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Safety of Dexmedetomidine in Severe Traumatic Brain Injury

This study has been withdrawn prior to enrollment.
(Study will not be intiated)
Hospira, Inc.
Information provided by:
University of Maryland Identifier:
First received: November 2, 2009
Last updated: May 26, 2015
Last verified: July 2010
The aim of this study is to assess the safety and feasibility of dexmedetomidine as an adjunct to conventional sedative therapy compared to conventional sedative therapy alone in patients with severe traumatic brain injury.

Condition Intervention Phase
Traumatic Brain Injury
Drug: Precedex
Drug: Propofol
Drug: Fentanyl
Phase 2

Study Type: Interventional
Study Design: Allocation: Randomized
Intervention Model: Parallel Assignment
Masking: Double Blind (Subject, Outcomes Assessor)
Primary Purpose: Supportive Care
Official Title: Safety of Dexmedetomidine in Severe Traumatic Brain Injury

Resource links provided by NLM:

Further study details as provided by University of Maryland:

Primary Outcome Measures:
  • Intracranial pressure [ Time Frame: one week ]

Secondary Outcome Measures:
  • Doses of other sedatives [ Time Frame: one week ]
  • Mortality [ Time Frame: 6 months ]
  • GOS-E [ Time Frame: 12 weeks, 6 months ]

Enrollment: 0
Study Start Date: January 2010
Estimated Study Completion Date: January 2012
Estimated Primary Completion Date: January 2011 (Final data collection date for primary outcome measure)
Arms Assigned Interventions
Experimental: Dexmedetomidine
In conjunction with conventional sedative and analgesic agents.
Drug: Precedex
Once this patient is deemed stable on the propofol infusion, the patient will be started on a dexmedetomidine infusion at 0.4 mcg/kg/hr. The dexmedetomidine infusion will be titrated to a Richmond Agitation Sedation Scale (RASS) of 0 to -1 (maximum rate of 1.5 mcg/kg/hr). In the meantime, once sustained ICP control has been achieved, the initial sedative agent (usually propofol) will be weaned. Dexmedetomidine will be infused for up to 7 days or until removal of the ICP or when mechanical ventilation is discontinued. When the patient is ready to come off sedation, the dexmedetomidine will be weaned by 50% every hour over a 4-hour period to off.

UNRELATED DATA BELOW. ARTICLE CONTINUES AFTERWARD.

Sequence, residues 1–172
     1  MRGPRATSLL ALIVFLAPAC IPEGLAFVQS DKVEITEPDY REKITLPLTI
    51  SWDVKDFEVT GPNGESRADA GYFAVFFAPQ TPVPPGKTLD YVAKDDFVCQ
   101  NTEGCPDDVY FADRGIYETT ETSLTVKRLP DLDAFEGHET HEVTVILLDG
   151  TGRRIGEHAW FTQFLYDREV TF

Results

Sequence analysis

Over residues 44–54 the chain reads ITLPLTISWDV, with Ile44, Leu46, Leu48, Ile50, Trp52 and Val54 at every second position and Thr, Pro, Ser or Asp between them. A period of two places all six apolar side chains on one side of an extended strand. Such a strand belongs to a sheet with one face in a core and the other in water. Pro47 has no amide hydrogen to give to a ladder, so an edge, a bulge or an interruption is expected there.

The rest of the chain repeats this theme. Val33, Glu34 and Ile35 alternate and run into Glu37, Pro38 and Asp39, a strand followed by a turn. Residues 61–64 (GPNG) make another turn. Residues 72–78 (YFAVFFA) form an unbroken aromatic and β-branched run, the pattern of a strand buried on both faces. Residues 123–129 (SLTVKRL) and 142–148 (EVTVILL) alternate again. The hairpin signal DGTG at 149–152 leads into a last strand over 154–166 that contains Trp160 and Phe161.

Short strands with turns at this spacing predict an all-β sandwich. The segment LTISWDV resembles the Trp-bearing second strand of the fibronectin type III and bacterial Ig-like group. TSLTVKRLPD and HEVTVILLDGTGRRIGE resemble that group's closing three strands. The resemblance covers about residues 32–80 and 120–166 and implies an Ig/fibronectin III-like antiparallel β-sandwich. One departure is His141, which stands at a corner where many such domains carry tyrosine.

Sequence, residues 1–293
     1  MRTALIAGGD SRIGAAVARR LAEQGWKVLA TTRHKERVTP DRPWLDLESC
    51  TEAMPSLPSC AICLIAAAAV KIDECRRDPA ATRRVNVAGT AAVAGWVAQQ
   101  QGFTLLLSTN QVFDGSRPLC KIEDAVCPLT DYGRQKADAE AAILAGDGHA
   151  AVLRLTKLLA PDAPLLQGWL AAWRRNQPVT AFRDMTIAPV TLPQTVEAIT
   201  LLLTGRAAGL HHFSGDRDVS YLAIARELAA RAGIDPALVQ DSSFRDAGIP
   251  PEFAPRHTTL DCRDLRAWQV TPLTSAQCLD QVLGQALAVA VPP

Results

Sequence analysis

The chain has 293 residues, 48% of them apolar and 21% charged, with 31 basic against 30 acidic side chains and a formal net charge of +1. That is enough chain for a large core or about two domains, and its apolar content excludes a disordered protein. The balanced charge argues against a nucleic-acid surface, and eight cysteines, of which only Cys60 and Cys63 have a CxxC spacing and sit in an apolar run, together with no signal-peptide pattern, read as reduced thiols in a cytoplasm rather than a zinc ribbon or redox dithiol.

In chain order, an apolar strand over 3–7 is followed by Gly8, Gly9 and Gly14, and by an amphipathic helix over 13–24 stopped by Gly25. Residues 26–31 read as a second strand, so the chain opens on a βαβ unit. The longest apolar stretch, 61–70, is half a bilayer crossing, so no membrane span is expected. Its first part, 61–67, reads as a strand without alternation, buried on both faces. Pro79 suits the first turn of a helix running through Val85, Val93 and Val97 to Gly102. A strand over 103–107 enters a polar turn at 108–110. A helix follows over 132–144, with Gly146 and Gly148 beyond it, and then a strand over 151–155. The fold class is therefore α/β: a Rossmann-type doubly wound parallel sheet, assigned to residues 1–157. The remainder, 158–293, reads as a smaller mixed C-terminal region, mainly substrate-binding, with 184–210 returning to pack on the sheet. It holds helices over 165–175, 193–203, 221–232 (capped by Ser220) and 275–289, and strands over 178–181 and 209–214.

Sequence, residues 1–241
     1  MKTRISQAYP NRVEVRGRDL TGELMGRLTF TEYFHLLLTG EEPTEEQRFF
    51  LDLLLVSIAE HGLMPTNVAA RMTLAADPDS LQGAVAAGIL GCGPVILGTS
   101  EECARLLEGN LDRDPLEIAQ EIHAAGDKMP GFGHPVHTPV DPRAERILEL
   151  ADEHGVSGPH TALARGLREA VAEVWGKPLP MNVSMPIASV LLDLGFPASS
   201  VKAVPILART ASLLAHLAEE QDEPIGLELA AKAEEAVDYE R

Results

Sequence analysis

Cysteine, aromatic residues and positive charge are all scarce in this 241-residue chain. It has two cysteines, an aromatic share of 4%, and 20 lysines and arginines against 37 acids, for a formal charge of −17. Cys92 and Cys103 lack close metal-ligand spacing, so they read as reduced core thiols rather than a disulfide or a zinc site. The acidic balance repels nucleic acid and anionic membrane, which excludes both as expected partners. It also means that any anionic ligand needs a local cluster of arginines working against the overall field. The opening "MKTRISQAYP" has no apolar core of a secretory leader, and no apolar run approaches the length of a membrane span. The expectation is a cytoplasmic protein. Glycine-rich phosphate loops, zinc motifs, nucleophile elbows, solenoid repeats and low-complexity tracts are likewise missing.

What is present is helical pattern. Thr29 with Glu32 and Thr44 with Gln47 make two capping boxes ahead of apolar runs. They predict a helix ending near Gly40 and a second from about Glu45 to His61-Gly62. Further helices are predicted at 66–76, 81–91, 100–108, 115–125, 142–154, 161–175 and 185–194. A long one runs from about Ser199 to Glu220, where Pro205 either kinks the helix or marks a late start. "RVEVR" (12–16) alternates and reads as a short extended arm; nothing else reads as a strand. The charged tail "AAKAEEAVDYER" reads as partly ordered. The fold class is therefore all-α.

Other Name: Dexmedetomidine
Drug: Propofol
Propofol will be titrated to an ICP < 20 mm Hg until achievement of sustained ICP control.
Other Name: Diprivan
Active Comparator: Standard of Care
Patients randomized to conventional sedation will have as the main pharmacologic agents to achieve sedation and analgesia propofol and fentanyl, respectively.
Drug: Propofol
Propofol will be initiated at 25 mcg/kg/min and titrated to achieve an ICP < 20 mm Hg (up to a maximum of 75 mcg/kg/min). Propofol will be continued for up to 7 days or until removal of the ICP or when mechanical ventilation is discontinued.
Other Name: Diprivan
Drug: Fentanyl
Fentanyl will be initiated and titrated to achieve adequate pain control.
Other Names:
  • Actiq
  • Fentora
  • Instanyl

Detailed Description:

Approximately 52,000 deaths occur from traumatic brain injury (TBI) every year. TBI is a major cause of disability, death, and economic cost to our society. When the brain experiences injury, there is direct damage to the brain tissue causing local bleeding and bruising. This is called the primary injury. Additional damage, called secondary brain injury, can occur as a result of swelling of the brain, lack of oxygen to the brain, lowered blood pressure, and the release of inflammatory mediators. The type and degree of insults are major determinants in the final neurologic outcome of the patient who has sustained a TBI. Management of TBI is aimed at the prevention and treatment of these secondary insults.

The swelling of the brain following injury causes an increase in the pressure within the cranium. Increased pressure can reduce blood flow to parts of the brain, leading to further brain damage. An intracranial pressure (ICP) monitor measures the pressure surrounding the brain, and may be placed following traumatic brain injury to help evaluate swelling.